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XMLWriter ugly formatting.

P: n/a
JAM
I'm trying to code some directory structure as my output / input file
using XML. I would like to see formatiing with indentations. mimicking
directory tree structure. Unfortunately the code such as this:

using (XmlTextWriter xw = new XmlTextWriter("C:\\Temp\\test.xml",
Encoding.UTF8))
{
xw.Formatting = Formatting.Indented;
xw.WriteStartDocument();
xw.WriteStartElement("FILTER", "");
xw.WriteStartElement("DA");
xw.WriteString("C:");
xw.WriteStartElement("DA");
xw.WriteString("Temp");
xw.WriteEndElement();
xw.WriteEndElement();
xw.WriteEndElement();
xw.WriteEndDocument();
xw.Close();
}
System.Diagnostics.Process.Start("notepad.exe", "C:\\Temp\\test.xml");

Produces only partially indented output:

<?xml version="1.0" encoding="utf-8"?>
<FILTER>
<DA>C:<DA>Temp</DA></DA>
</FILTER>

Where obviously my intent was to get:

<?xml version="1.0" encoding="utf-8"?>
<FILTER>
<DA>
C:
<DA>
Temp
</DA>
</DA>
</FILTER>

(where Temp is a subdirectory of the drive C:)

Obviously the key here is to keep directory tree structure expressed
in the XML file.

Take for example more complicated case. Let's say you have a following
directory structure:

A
B
C
D
E
F
G

In other words: root directory A has three subdirectories: B, C and F.
From those three C has in turn it's own subdirectories D and E, and F
has one subdirectory G.

The XML structure that I imagined should look like this:

<DA>
A
<DA>
B
</DA>
<DA>
C
<DA>
D
</DA>
<DA>
E
</DA>
</DA>
<DA>
F
<DA>
G
</DA>
</DA>
</DA>

Where just by looking at indentations you could deduct visually the
tree structure. It also easy to generate this code using recursive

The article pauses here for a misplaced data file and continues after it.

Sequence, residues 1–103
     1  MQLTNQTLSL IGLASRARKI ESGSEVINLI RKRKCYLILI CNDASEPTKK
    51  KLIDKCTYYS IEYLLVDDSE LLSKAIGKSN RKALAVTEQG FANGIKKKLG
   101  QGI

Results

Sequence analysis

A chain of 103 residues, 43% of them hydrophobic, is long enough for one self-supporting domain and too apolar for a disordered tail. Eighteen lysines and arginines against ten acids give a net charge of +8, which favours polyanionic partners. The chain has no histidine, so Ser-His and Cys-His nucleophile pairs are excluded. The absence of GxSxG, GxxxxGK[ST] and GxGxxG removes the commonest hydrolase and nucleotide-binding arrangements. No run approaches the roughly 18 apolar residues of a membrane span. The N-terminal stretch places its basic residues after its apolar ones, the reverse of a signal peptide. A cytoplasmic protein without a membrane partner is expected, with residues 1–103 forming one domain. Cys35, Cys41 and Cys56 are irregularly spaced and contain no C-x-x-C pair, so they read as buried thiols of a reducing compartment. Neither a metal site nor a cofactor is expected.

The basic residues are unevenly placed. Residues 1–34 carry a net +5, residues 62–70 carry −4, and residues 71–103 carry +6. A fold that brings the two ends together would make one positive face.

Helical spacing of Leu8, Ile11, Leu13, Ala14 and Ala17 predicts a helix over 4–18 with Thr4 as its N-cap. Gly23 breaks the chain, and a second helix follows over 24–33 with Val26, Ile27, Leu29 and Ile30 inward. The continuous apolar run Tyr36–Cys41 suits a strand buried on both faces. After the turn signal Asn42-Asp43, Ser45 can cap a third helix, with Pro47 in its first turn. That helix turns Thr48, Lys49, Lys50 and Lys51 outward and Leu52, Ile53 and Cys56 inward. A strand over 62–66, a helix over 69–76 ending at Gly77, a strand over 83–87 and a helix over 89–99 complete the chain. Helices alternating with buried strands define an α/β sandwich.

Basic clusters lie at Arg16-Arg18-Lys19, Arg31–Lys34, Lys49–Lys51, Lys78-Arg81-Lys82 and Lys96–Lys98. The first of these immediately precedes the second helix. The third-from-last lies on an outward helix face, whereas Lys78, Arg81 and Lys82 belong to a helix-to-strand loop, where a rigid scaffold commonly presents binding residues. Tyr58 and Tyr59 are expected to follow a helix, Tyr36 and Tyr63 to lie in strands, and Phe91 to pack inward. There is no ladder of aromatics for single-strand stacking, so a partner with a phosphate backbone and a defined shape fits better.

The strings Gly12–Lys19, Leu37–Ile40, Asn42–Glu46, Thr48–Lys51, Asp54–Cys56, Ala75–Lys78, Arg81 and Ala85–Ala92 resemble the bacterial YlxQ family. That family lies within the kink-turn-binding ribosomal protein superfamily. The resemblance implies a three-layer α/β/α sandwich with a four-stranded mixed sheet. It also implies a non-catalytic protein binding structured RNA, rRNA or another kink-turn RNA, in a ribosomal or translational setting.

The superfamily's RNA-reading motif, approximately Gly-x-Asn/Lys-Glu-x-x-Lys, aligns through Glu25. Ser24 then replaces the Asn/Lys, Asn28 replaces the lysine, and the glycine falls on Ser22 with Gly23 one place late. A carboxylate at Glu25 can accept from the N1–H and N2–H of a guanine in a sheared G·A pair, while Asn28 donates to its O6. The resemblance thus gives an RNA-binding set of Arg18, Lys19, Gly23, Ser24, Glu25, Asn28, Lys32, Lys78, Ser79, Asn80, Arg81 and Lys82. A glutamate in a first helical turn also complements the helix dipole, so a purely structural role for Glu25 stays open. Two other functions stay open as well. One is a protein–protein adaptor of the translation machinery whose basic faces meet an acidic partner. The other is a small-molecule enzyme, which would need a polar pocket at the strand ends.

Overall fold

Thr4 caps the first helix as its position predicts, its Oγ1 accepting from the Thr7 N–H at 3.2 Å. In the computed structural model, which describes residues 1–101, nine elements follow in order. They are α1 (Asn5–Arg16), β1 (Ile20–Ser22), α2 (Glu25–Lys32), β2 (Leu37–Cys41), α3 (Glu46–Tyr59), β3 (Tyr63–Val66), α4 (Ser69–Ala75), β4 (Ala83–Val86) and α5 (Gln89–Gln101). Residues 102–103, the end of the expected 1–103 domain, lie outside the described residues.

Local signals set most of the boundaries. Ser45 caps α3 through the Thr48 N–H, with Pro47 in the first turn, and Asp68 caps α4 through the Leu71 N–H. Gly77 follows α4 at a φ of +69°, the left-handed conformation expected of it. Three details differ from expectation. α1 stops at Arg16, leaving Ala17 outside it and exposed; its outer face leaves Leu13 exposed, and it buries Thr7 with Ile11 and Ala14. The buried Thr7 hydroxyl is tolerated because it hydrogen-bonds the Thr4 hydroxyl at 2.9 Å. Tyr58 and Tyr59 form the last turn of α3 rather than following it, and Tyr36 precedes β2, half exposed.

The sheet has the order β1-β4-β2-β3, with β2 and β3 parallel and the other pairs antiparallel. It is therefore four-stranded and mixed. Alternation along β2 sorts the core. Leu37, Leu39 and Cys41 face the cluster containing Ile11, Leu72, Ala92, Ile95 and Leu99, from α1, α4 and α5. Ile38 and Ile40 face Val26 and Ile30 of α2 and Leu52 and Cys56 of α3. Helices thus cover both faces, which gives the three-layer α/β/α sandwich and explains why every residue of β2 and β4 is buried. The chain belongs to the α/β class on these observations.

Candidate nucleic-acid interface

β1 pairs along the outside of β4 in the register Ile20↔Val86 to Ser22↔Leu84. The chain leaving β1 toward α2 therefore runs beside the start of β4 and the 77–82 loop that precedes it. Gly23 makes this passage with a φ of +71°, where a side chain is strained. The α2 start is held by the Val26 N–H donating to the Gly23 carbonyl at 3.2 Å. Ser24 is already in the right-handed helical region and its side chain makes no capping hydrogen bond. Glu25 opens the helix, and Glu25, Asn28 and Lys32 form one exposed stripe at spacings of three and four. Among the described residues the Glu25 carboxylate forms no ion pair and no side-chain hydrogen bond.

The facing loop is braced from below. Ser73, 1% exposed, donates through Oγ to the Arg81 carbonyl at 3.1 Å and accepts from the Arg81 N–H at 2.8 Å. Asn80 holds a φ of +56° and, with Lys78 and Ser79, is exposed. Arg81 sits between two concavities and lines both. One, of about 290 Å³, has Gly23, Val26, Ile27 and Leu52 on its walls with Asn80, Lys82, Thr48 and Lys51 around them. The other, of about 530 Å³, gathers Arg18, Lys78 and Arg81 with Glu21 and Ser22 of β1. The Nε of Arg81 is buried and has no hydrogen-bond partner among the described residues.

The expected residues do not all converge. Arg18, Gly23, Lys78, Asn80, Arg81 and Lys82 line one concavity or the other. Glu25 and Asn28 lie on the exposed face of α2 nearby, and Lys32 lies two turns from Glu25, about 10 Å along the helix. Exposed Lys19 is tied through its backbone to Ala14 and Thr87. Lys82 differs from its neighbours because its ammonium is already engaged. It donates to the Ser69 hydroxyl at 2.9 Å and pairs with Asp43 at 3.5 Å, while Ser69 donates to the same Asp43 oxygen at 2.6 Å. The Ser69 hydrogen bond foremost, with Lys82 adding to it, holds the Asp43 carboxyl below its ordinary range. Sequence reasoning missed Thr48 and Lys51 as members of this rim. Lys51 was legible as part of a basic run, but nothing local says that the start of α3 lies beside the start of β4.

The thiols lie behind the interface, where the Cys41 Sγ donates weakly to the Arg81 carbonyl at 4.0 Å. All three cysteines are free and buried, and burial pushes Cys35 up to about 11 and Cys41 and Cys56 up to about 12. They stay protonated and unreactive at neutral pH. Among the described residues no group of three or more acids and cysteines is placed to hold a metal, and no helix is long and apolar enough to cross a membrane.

function that travels directory tree. Unfortunately the code I have
generates this:

<DA>A<DA>B</DA><DA>C<DA>D</DA><DA>E</DA></DA><DA>F<DA>G</DA></DA></DA>

The above has basically the same information stored as the formatted
one but it misses visual feedback that is usefull for debuging, etc.
When I manually create XML inside Visual Studio it does generates nice
feedback with indentations.

How can I do that easily with XMLTextWriter ? Of course I'm looking
for a simple solution. Otherwise using XMLTextWriter defies the
simplicity and I would rather change the output format to proprtiary
with my own procedures instead of using XML all together.

JAM
Jun 27 '08 #1
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P: n/a
On Jun 25, 5:52*pm, JAM <ja_1...@yahoo.comwrote:
I'm trying to code some directory structure as my output / input file
using XML. I would like to see formatiing with indentations. mimicking
directory tree structure. Unfortunately the code such as this:

using (XmlTextWriter xw = new XmlTextWriter("C:\\Temp\\test.xml",
Encoding.UTF8))
{
* * xw.Formatting = Formatting.Indented;
* * xw.WriteStartDocument();
* * xw.WriteStartElement("FILTER", "");
* * xw.WriteStartElement("DA");
* * xw.WriteString("C:");
* * xw.WriteStartElement("DA");
* * xw.WriteString("Temp");
* * xw.WriteEndElement();
* * xw.WriteEndElement();
* * xw.WriteEndElement();
* * xw.WriteEndDocument();
* * xw.Close();}

System.Diagnostics.Process.Start("notepad.exe", "C:\\Temp\\test.xml");

Produces only partially indented output:

<?xml version="1.0" encoding="utf-8"?>
<FILTER>
* <DA>C:<DA>Temp</DA></DA>
</FILTER>

*Where obviously my intent was to get:

<?xml version="1.0" encoding="utf-8"?>
<FILTER>
* <DA>
* * C:
* * <DA>
* * * Temp
* * </DA>
* </DA>
</FILTER>

(where Temp is a subdirectory of the drive C:)
The problem here is that your second example does not represent the
XML you've outputted - if you read it using XmlReader, you'll notice
that you won't read back plain "C:", but instead it will have some
leading and trailing whitespace. This is due to the nature of
whitespace handling in XML - read the XML specification for more
information. In this case, XmlWriter just did precisely what you asked
it to do - namely, to generate a file which contains string "C:", with
no whitespace at the beginning or at the end. This is actually covered
by MSDN, in documentation for XmlWriterProperties.Indent property:

"The elements are indented as long as the element does not contain
mixed content. Once the WriteString or WriteWhitespace method is
called to write out a mixed element content, the XmlWriter stops
indenting. The indenting resumes once the mixed content element is
closed."

By the way, do not use XmlTextWriter - it's deprecated. Use
XmlWriter.Create instead.
Jun 27 '08 #2

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